Both surf and mesh plot a two-dimensional curve in 3-D; surf facets the surface, while mesh plots the facet outlines only. They are identical otherwise, including in taking arguments. There are variants; surfc and meshc include a contour plot (see help contour), surfl provides lighting, meshz provides a reference plane, and waterfall gives a mesh without column lines.
The most general argument to surf is a vector of four matrices, e.g. surf(X, Y, Z, C). The first three matrices give the 3-D coordinates of each point on the surface, and the last gives its color as per the current colormap. Omitting the last, e.g. surf(X, Y, Z), uses C = Z, i.e. color is proportional to height.
The X and Y matrices can be replaced by vectors of the width and height of Z; both or neither must be replaced. A X matrix is then used with the x vector as each row, and a Y matrix with the y vector as each column. If X and Y are omitted entirely, the vectors 1:width and 1:height are used instead.
To evaluate a function that can be performed elementwise on a matrix over a grid of points on the plane and plot it at even intervals, use meshgrid to create X and Y matrices from vectors with [X, Y] = meshgrid(x, y) (all the rows of X are x, all the columns of Y are y). Then e.g. Z = X. Y and mesh(Z) will display (in this case) the coordinate products, but at evenly spaced intervals as the x and y vectors did not directly reach mesh.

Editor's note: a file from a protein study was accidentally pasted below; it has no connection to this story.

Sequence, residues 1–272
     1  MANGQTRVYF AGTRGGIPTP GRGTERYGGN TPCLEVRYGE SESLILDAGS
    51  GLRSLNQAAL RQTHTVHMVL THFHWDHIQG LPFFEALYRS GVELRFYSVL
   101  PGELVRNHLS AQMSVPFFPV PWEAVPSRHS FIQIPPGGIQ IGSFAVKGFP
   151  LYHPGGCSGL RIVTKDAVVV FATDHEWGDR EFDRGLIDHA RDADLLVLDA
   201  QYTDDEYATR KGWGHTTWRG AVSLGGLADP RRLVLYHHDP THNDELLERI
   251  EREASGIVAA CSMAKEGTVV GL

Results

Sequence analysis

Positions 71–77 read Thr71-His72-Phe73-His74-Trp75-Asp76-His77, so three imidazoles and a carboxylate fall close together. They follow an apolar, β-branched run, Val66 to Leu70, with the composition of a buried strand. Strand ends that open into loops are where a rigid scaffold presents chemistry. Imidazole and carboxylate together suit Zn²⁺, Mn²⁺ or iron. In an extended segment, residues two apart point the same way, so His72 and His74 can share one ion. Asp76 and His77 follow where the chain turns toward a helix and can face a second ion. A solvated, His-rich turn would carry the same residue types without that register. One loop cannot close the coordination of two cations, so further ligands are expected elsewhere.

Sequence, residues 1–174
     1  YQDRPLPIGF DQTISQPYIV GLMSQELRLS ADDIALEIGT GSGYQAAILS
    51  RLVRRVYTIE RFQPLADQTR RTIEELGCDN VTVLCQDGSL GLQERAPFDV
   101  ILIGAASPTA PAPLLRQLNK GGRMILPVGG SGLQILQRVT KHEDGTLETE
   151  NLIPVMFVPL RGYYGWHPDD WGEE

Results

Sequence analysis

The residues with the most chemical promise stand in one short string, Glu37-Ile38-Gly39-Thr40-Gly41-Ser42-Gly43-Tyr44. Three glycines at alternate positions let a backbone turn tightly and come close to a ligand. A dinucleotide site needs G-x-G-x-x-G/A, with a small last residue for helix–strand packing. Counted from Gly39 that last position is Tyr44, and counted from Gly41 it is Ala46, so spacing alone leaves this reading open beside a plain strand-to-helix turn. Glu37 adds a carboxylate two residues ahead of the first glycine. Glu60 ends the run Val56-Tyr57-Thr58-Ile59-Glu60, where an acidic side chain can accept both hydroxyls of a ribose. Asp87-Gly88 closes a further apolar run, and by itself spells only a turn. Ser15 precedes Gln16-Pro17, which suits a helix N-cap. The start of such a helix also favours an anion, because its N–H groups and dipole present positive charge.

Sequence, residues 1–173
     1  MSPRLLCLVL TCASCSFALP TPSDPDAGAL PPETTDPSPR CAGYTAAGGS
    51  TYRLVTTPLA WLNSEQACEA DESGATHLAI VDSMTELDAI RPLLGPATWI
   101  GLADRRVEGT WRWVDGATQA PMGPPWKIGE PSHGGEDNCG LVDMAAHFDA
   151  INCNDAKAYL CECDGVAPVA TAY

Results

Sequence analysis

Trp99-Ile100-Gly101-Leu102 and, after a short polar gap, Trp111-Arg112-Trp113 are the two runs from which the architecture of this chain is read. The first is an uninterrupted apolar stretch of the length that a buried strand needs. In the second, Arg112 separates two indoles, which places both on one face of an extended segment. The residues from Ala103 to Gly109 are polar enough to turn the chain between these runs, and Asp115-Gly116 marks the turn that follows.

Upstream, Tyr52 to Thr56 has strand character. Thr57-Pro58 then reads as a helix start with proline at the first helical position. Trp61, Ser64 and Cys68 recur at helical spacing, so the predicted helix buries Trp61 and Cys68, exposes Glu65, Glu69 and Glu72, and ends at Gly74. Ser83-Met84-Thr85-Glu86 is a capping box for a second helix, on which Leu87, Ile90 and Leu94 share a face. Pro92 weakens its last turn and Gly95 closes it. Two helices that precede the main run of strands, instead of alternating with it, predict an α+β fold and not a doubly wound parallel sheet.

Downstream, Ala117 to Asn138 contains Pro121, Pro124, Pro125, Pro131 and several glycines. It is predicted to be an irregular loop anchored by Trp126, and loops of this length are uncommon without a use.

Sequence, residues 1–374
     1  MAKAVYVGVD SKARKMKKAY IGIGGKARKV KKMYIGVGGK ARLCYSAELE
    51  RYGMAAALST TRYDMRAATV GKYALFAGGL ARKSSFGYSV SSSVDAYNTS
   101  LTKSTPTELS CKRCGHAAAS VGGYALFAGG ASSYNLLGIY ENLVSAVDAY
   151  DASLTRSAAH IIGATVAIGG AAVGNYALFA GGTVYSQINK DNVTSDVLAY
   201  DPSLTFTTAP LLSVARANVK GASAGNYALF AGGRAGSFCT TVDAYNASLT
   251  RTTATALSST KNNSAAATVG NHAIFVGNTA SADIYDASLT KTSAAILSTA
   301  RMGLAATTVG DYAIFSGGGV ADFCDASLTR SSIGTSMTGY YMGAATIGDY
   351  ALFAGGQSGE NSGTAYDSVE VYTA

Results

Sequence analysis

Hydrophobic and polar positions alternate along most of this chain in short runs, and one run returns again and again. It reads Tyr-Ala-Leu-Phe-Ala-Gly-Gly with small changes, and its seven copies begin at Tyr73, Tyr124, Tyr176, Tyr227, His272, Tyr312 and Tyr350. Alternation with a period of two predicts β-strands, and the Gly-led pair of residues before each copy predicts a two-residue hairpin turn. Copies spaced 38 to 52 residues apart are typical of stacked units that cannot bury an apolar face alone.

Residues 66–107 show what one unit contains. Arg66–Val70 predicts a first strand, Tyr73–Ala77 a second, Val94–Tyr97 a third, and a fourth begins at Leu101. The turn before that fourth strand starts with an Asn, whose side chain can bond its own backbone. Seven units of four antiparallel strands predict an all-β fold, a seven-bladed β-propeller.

Portions of a surface plot may be hidden behind others. One method of dealing with this is to change the viewpoint; see help view. Alternatively, since MATLAB does not plot values of NaN and Inf, you can make ``cutouts'' in a plot by setting the color value on some region of facets to one of those.
Other features of 3-D plots can be set with caxis, colormap, shading, and view, and various color functions, for all of which see the help entries, as well as the commands described above for 2-D plots.